Down shifting: is generally the opposite of up-shifting. You do NOT want to engage a lower gear at a speed where. when you release the clutch the engine is pushed by the transmission into an over-rev condition and possible engine damage. Generally speaking, using the wheel brakes to slow a car is better than engine breaking because brake shoes/pads are easier and cheaper to replace than clutches (Kieth Calver). If you are driving along and traffic slows or you go up a hill, the engine rpms may fall close to idle speed and you risk stalling. That is the time to down-shift to give the engine a chance to use its power.



.

"Hang on a minute lads....I've got a great idea."

 Posted: Dec 1, 2020 01:29AM
 Edited:  Dec 1, 2020 01:36AM
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Go to “www.guess-works.com” and you will find a calculator where you can feed in data such as diff ratio, gearbox ratios, wheel size and will give you a revs vs speed table.

Use something like 5500 rpm as a guide and the table will tell you what speed you should max out in each gear.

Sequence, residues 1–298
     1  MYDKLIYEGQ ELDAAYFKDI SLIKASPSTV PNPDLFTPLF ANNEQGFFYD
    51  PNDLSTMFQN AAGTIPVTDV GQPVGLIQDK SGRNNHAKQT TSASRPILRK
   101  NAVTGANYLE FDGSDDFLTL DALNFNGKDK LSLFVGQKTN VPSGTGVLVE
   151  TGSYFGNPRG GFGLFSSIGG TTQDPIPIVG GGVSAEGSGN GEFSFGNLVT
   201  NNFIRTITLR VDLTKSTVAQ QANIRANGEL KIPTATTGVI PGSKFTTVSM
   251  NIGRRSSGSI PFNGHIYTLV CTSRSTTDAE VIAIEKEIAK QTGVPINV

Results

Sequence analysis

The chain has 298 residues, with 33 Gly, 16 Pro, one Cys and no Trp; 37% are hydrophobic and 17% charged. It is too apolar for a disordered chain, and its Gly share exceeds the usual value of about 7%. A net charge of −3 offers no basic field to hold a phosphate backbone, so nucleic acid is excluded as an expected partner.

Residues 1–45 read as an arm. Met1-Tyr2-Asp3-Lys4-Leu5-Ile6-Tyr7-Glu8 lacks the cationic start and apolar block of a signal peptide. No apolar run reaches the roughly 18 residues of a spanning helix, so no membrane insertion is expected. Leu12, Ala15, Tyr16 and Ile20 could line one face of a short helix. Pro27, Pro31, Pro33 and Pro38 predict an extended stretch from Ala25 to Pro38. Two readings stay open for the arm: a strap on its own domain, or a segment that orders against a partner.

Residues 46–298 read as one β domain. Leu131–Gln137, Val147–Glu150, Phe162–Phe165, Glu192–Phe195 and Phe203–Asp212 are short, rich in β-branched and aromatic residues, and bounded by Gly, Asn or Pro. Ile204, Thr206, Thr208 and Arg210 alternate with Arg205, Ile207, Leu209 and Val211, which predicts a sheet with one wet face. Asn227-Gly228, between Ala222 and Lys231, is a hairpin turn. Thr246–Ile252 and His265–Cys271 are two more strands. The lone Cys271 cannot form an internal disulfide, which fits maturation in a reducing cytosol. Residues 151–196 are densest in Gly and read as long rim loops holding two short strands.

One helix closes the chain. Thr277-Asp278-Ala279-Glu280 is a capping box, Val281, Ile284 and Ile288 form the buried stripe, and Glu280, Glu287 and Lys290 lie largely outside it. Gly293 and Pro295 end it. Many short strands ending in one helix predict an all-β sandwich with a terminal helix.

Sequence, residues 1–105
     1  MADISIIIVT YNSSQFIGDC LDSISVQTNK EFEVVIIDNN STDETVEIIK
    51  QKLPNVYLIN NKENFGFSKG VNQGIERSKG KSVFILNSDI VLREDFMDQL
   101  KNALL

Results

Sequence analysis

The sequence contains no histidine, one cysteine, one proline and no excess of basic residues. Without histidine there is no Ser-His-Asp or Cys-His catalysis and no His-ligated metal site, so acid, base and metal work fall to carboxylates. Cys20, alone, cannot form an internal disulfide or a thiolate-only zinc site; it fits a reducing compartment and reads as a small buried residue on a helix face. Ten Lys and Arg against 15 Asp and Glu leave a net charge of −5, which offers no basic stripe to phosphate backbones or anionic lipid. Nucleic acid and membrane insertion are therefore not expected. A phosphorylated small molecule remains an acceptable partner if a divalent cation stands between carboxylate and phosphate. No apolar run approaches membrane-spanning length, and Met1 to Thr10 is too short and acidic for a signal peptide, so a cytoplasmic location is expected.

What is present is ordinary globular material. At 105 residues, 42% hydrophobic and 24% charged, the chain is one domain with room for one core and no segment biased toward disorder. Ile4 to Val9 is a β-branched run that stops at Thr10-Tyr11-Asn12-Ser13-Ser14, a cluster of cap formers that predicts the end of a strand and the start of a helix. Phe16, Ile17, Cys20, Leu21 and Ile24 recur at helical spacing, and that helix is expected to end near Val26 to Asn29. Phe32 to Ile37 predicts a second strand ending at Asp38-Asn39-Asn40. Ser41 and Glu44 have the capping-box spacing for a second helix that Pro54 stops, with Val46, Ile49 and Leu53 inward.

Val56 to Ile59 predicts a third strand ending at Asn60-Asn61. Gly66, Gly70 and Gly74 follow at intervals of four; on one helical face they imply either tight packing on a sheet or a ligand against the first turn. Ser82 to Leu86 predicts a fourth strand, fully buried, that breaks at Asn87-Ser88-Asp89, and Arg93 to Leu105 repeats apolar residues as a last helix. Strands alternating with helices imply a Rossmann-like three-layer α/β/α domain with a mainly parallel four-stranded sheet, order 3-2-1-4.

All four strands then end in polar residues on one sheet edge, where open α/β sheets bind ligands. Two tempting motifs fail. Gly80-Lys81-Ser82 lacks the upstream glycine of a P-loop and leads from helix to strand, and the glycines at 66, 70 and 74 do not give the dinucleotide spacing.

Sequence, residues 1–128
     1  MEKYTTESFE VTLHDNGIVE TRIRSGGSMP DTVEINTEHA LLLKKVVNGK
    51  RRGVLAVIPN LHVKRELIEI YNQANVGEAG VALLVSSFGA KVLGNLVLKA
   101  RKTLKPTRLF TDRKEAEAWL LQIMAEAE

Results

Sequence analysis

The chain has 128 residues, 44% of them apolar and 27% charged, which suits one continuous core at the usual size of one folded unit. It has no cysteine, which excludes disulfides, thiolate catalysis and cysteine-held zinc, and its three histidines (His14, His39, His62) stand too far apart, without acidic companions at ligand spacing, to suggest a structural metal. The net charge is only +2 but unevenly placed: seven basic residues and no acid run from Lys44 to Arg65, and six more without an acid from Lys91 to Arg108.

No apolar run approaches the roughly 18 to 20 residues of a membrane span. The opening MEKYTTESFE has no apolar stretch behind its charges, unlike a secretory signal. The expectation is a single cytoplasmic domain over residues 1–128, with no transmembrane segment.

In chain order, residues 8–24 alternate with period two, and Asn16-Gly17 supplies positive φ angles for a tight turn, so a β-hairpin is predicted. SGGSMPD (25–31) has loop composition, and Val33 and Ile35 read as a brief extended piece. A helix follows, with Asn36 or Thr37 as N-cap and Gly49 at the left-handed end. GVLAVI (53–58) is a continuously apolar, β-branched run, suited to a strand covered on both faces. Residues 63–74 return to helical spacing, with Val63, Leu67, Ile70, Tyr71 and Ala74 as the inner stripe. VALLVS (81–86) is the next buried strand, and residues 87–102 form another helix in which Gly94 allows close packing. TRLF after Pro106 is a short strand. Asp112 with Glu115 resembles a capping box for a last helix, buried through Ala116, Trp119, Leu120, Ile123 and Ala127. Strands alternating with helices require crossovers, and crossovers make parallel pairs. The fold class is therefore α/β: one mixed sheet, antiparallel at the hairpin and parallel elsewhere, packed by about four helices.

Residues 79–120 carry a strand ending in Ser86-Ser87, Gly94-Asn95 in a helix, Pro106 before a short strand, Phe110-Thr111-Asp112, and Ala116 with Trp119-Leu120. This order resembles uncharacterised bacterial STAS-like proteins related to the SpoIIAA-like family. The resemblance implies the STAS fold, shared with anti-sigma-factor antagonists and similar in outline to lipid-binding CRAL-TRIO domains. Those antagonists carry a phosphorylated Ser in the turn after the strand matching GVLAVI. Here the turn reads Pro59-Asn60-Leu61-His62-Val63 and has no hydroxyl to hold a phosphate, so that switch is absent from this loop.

Or, go through the gears, rev it till it stops accelerating ( or starts to sound like its reaching your $$$ tolerance) notch it back a few mph for normal ops and go for it...

cheers, Ian

 Posted: Nov 30, 2020 09:37AM
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CA

If the engine screams, and its running out of air shift up.

If the engine bogs or lacks power, shift down.

 

There is not a right speed for each gear, rather a acceptable speed range for each gear and what the driving conditions are.

 

 Posted: Nov 30, 2020 08:15AM
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Get a nice tachometer and you will know for sure!